Thus, the question, does this strategy work? Peter J Bertucci of Johnson & Wales University did his dissertation on evaluating this teaching model. The following is the abstract of his thesis:

A mixed-method study of a brain-compatible education program of grades K--5 in a Mid-Atlantic inner-city public elementary/middle school


Interdisciplinary research advances have fostered theoretical conceptualizations of brain-compatible practice that promotes neurological changes. As unaligned practices are questioned, skeptics warn brain research is being misinterpreted. Valid brain and learning data are needed. The primary research question of this study was: How can best educational practices supported by neuroscientific research be separated from overstatement of educational applicability?A mixed method research design qualitatively prioritized an explanatory critical case study of the phenomenon, brain-compatible education. A single case type II design with embedded analytical units was employed (Yin, 2002). A brain-compatible program at a Mid-Atlantic inner-city elementary/middle school was studied. The embedded units were staff perceptions of the program and associated student outcomes. The theoretical proposition was the program was implemented to improve teaching and learning by taking advantage of how the brain learns. Data collection included document analysis, observation, interviewing, and surveying. The Stufflebeam program evaluation assessment model was used to evaluate the program (Madaus, Scriven, & Stufflebeam, 1983). Participating teachers were purposefully selected program practitioners from grades K-5. Five of those participants were randomly selected for observation. The principal, arts integration specialist, curriculum specialist, and observed teachers were interviewed and fifteen remaining program practitioners self-administered surveys. Qualitative data were analyzed utilizing content analysis, pattern matching, and thematic coding. The quantitative ex post facto component descriptively compared 2003 through 2005 grade 5 study site state assessments, advanced aggregate and subgroup performance, in reading and mathematics to a similar in-district school and the state respectively. No causal representations were offered.  The findings suggest innovation requires integrative research utility. Further, it was found that, combining charismatic leadership, voluntary staff participation, a shared vision, adequate resources, and community involvement fosters educational change. Moreover, brain-compatibility requires a positive emotional climate and interactive teaching to engage students and promote deeper learning. Positive state assessment trends were described in mathematics and reading. This research assists educators in refining practice through brain-compatible alignment, presents conditions for innovation, provides a case for multiple-analysis, and adds to the extant data base. Recommendations from this study propose brain-compatibility advocacy and enhanced educator training around research, the brain and learning, and cognition. Future research should investigate other variables within the program, additional in context brain-compatible programs, emotional learning climates, and early brain-compatible intervention.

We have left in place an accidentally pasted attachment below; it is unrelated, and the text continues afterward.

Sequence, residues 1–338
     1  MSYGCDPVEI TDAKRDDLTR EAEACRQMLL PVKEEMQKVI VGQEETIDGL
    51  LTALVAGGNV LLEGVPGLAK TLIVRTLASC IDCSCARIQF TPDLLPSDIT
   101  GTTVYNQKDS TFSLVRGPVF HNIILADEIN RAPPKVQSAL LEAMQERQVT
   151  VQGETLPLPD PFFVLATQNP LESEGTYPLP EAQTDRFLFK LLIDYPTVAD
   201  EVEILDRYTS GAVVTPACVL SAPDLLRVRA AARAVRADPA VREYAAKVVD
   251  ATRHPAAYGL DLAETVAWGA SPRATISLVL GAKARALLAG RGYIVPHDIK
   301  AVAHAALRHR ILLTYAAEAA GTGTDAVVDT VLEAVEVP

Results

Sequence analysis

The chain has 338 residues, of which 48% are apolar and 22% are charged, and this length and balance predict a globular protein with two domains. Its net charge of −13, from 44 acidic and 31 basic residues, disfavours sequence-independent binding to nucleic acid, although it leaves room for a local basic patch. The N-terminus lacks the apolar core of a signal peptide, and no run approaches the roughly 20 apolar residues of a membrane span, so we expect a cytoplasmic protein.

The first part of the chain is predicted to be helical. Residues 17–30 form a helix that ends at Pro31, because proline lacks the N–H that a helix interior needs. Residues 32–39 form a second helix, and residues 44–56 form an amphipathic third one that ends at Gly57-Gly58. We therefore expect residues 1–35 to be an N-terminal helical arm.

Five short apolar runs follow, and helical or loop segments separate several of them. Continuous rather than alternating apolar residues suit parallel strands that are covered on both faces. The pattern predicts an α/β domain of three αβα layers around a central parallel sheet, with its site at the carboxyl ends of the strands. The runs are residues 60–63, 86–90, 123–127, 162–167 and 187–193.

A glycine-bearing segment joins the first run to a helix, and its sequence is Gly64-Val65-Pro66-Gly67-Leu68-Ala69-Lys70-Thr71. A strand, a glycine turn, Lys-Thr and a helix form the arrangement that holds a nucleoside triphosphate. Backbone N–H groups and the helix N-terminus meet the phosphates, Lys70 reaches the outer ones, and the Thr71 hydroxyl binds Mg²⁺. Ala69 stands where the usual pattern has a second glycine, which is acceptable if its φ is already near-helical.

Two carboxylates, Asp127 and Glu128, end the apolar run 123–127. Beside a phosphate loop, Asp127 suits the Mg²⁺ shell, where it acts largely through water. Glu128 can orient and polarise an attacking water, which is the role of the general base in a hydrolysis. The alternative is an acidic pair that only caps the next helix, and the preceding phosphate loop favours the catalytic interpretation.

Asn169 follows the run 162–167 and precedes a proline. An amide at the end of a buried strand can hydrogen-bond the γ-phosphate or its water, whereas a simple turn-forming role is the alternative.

Dr. Mariale Hardiman nicely summarizes Bertucci's findings through the following graphs:

Maryland School Assessment Scores for Advanced Level of Reading: Comparison of Aggregate Scores for State, Control School, and Study Site

Maryland School Assessment Scores for Advanced Level of Reading for Students Receiving Free and Reduced Meals: Scores for State, Control School, and Study Site